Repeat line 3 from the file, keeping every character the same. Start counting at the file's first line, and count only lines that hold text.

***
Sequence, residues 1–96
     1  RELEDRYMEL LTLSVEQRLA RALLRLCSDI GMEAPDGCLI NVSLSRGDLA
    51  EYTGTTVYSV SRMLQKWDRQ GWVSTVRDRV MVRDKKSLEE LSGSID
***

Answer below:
    51  EYTGTTVYSV SRMLQKWDRQ GWVSTVRDRV MVRDKKSLEE LSGSID